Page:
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Our sages used to say, turn your home into a meeting place for the wise. This advice had been so thoroughly absorbed by the adults I knew that it never needed mentioning. As much as human beings were an integral part of our home, so were books. They could be scrolls, or pages sewn and bound together. There were holy books and there were kosher books. These were the scrolls on parchment. And there were secular books too.

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There was often a book or two on the dining table, and occasionally a group of books, some of them opened to a particular page, if someone had searched for an explanation or information regarding some obscure subject. On all the doorways of our home, except for the toilet, there was a little box made of wood, attached to the frame of the door. I had once seen this box opened. Maybe it had been opened especially for my edification. Inside was a tiny scroll. And on the scroll there was writing, black square letters on white parchment, crying out to all of Israel that god was one, and he was all encompassing. This was followed by a few paragraphs from the bible regarding how one should or could relate to that.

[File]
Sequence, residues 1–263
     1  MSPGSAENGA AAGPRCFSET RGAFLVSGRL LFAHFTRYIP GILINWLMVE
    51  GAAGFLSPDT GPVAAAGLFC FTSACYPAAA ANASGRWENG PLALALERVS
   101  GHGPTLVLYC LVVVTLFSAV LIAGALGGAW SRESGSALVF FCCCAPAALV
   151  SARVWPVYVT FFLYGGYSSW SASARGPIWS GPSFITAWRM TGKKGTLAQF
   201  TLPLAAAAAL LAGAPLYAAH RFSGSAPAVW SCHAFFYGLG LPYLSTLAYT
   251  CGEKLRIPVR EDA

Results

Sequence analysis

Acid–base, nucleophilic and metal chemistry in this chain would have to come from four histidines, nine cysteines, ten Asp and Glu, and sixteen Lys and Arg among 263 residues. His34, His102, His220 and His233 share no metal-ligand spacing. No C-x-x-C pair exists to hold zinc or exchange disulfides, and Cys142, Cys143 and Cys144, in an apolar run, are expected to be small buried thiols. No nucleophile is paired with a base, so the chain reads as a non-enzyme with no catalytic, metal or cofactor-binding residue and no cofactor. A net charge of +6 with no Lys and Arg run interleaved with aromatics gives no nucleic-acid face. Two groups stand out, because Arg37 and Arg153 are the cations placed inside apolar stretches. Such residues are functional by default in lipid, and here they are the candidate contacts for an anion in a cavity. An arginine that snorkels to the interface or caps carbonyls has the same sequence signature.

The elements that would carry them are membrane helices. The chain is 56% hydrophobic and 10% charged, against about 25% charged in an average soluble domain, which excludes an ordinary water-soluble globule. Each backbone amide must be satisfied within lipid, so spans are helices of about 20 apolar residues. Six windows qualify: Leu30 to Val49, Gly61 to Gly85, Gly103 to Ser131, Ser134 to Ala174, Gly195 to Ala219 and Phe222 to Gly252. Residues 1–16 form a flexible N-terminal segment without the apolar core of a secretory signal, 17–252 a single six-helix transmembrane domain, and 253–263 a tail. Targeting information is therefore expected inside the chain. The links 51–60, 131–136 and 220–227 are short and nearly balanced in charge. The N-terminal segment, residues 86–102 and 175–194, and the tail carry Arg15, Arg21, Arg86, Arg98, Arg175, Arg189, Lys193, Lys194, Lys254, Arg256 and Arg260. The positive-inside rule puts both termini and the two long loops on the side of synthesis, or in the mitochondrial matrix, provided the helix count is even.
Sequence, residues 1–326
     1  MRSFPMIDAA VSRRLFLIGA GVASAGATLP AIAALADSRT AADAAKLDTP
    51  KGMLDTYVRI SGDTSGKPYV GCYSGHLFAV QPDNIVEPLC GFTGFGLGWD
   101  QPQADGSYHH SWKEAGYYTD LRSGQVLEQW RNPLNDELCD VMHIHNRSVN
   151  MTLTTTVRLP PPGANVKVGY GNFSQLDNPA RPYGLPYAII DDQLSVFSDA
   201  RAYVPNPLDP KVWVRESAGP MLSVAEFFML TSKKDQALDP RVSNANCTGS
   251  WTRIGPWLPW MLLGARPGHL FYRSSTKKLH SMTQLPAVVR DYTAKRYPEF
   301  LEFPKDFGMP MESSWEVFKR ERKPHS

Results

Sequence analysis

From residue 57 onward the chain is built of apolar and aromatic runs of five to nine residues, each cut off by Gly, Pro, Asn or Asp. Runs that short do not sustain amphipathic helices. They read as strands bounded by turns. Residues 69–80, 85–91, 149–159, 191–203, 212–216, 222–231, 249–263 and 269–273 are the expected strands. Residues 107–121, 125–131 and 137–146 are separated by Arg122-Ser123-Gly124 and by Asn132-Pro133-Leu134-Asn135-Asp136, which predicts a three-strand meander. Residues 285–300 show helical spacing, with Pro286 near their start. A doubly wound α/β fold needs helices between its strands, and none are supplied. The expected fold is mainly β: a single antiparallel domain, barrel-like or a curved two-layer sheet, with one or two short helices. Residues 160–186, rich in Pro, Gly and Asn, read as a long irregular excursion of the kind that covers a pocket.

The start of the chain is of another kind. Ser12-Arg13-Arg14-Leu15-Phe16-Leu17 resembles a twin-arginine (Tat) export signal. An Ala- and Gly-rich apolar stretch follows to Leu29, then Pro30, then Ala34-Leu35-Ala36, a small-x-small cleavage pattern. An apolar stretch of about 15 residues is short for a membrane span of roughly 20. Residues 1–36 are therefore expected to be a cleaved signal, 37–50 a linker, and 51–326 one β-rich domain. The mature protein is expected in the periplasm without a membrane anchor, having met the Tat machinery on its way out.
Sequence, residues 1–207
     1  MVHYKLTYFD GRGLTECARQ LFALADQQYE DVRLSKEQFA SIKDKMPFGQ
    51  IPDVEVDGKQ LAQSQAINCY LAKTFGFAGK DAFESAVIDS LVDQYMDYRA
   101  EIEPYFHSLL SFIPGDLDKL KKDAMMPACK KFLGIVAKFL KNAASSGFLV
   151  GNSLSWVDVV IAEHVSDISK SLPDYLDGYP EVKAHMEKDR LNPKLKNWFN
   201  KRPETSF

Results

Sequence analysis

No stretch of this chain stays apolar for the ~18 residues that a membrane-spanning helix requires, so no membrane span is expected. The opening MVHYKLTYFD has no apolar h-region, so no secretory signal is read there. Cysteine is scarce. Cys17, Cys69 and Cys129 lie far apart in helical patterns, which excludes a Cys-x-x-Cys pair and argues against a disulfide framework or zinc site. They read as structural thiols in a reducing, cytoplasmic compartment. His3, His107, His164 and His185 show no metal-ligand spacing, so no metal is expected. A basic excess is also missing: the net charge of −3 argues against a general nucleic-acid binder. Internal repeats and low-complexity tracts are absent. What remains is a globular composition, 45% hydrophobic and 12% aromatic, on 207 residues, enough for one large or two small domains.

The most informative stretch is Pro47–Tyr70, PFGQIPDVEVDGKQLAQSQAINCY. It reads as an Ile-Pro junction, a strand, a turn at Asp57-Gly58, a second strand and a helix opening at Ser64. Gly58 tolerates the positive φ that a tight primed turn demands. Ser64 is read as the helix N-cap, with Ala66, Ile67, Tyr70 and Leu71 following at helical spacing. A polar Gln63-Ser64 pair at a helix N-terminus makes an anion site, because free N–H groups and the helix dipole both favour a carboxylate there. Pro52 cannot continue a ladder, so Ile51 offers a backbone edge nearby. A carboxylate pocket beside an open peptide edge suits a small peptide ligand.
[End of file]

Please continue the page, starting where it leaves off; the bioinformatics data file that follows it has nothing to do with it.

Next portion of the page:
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This tiny scroll looked much the same as the torah scrolls which were read in the synagogue on Mondays, Thursdays and twice on Saturdays, except for the fact that the torah scrolls had two poles and the tiny scroll was rolled into a cylinder without any pole at all. There were scrolls without poles, with just one pole, and with two poles, depending on how much parchment there was to read or study from. They were all called books. In my new home I found only one book, obviously a bible though I couldn’t read the writing. It was kept on the same shelf that carried numerous ceramic figures.